in vivo Studies that are ''in vivo'' (Latin for "within the living"; often not italicized in English) are those in which the effects of various biological entities are tested on whole, living organisms or cells, usually animals, including humans, and p ...
. Growth of protein crystals results in both protein and salt crystals. Both are colorless and microscopic. Recovery of the protein crystals requires imaging which can be done by the intrinsic fluorescence of the protein or by using transmission microscopy. Both methods require an ultraviolet microscope as protein absorbs light at 280 nm. Protein will also fluorescence at approximately 353 nm when excited with 280 nm light. Since fluorescence emission differs in wavelength (color) from the excitation light, an ideal fluorescent image shows only the structure of interest that was labeled with the fluorescent dye. This high specificity led to the widespread use of fluorescence light microscopy in biomedical research. Different fluorescent dyes can be used to stain different biological structures, which can then be detected simultaneously, while still being specific due to the individual color of the dye. To block the excitation light from reaching the observer or the detector, filter sets of high quality are needed. These typically consist of an
excitation filter An excitation filter is a high quality optical-glass filter commonly used in fluorescence microscopy and spectroscopic applications for selection of the excitation wavelength of light from a light source. Most excitation filters select light of re ...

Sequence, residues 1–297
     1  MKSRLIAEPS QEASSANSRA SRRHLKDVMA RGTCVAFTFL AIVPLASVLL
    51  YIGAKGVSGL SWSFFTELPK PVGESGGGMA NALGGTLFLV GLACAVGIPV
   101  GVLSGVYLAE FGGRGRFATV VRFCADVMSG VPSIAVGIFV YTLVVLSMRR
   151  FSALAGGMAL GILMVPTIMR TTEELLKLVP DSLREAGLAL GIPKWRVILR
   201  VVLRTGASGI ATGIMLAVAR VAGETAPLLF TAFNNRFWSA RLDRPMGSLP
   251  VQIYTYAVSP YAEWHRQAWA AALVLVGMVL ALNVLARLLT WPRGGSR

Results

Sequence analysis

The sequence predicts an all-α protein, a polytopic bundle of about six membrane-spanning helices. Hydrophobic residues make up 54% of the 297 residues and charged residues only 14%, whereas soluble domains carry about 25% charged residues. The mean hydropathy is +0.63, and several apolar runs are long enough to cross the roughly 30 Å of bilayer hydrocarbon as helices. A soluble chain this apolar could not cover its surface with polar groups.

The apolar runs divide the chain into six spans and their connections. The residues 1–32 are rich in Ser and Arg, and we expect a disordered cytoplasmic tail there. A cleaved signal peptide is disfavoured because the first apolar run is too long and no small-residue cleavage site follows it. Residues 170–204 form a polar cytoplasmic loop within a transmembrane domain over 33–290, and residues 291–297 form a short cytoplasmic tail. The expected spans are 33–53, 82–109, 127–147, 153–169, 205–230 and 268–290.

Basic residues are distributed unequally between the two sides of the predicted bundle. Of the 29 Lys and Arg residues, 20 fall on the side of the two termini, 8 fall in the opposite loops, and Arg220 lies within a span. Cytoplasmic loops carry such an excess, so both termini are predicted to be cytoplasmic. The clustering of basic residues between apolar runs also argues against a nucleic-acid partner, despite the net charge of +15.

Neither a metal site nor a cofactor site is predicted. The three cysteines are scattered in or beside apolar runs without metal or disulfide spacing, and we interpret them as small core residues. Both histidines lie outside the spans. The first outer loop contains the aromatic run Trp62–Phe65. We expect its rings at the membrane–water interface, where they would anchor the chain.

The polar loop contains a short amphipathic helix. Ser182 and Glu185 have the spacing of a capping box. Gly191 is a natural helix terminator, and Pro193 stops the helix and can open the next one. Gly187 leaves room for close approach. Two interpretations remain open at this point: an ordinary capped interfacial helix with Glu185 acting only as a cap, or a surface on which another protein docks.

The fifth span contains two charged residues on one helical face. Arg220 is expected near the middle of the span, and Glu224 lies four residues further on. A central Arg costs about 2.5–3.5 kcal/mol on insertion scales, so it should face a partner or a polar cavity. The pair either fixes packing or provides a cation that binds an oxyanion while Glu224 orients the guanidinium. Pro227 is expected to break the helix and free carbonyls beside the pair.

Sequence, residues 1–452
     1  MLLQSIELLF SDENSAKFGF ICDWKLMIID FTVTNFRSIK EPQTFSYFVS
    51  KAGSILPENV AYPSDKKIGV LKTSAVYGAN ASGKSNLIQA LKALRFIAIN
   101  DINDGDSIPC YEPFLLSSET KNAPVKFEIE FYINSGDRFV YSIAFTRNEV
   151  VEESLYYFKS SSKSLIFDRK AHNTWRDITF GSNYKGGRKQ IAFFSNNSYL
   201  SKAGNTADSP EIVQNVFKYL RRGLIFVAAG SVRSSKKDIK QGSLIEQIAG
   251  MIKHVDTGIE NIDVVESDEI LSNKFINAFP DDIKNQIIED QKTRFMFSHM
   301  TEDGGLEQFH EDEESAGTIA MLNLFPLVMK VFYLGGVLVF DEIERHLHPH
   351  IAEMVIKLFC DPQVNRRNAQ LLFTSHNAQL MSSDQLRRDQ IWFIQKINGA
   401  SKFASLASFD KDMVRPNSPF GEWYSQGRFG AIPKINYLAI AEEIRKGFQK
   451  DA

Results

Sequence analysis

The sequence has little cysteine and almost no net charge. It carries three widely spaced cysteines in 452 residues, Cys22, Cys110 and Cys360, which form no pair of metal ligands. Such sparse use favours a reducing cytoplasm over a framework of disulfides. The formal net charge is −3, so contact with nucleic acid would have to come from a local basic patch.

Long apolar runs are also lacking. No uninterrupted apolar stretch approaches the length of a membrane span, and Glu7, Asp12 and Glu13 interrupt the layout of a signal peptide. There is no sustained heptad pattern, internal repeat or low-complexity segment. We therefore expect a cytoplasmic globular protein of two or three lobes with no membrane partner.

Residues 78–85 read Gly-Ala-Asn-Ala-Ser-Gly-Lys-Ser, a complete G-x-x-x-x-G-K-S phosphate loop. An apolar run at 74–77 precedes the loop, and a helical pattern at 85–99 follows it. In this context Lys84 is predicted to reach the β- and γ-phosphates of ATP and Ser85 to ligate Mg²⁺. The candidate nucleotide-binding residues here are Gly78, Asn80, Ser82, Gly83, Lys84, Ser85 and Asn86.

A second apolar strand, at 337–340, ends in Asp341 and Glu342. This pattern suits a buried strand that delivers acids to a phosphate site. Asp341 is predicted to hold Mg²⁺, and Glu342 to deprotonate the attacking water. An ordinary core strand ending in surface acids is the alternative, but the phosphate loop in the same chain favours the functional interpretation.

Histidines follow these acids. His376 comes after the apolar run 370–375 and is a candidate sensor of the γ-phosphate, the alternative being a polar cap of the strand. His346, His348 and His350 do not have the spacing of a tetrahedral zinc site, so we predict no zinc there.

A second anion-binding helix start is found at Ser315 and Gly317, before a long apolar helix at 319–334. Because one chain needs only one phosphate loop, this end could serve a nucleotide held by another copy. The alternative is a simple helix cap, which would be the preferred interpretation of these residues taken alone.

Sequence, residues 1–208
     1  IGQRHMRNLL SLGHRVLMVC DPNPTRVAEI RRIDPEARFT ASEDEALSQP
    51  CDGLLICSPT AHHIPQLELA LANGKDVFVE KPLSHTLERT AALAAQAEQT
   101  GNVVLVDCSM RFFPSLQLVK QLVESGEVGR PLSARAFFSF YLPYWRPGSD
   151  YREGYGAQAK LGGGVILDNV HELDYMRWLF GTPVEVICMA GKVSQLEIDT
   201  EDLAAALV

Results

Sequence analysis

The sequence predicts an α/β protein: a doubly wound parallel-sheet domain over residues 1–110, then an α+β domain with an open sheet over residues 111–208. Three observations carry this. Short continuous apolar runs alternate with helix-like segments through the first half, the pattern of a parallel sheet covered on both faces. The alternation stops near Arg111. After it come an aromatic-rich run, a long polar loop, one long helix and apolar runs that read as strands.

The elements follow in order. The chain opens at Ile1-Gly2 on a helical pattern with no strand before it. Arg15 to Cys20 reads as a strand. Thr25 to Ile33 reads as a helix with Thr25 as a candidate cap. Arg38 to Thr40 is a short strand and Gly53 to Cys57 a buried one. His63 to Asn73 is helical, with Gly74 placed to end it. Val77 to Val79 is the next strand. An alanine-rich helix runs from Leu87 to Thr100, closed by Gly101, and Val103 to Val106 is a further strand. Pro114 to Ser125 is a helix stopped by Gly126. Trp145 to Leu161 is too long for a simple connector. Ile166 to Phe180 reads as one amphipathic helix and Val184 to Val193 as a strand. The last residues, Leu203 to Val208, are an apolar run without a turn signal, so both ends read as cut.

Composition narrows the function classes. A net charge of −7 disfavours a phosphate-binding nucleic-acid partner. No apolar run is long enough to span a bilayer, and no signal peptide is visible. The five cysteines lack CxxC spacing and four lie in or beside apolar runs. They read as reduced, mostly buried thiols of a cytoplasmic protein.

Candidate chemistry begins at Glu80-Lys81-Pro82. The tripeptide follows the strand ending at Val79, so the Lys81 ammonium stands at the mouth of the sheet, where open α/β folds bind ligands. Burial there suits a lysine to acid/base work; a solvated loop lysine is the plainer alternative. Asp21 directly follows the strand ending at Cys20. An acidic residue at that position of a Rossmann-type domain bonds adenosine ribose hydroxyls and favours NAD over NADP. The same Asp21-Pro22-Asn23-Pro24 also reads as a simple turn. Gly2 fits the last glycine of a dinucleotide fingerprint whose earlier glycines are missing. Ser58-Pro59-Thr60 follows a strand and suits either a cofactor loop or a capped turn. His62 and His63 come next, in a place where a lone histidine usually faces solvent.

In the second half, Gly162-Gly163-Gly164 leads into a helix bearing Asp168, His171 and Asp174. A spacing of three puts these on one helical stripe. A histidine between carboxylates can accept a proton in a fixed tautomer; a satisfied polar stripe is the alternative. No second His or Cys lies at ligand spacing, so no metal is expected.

selecting the range of excitation wavelengths, a dichroic mirror, and an emission filter blocking the excitation light. Most fluorescence
microscope A microscope () is a laboratory instrument used to examine objects that are too small to be seen by the naked eye. Microscopy is the science of investigating small objects and structures using a microscope. Microscopic means being invisible ...
s are operated in the Epi-illumination mode (illumination and detection from one side of the sample) to further decrease the amount of excitation light entering the detector. See also:
total internal reflection fluorescence microscope A total internal reflection fluorescence microscope (TIRFM) is a type of microscope with which a thin region of a specimen, usually less than 200 nanometers can be observed. TIRFM is an imaging modality which uses the excitation of fluorescent cel ...
Neuroscience Neuroscience is the scientific study of the nervous system (the brain, spinal cord, and peripheral nervous system), its functions and disorders. It is a multidisciplinary science that combines physiology, anatomy, molecular biology, developmen ...

### Confocal

Confocal laser scanning microscopy uses a focused laser beam (e.g. 488 nm) that is scanned across the sample to excite
fluorescence Fluorescence is the emission of light by a substance that has absorbed light or other electromagnetic radiation. It is a form of luminescence. In most cases, the emitted light has a longer wavelength, and therefore a lower photon energy, ...
in a point-by-point fashion. The emitted light is directed through a pinhole to prevent out-of-focus light from reaching the detector, typically a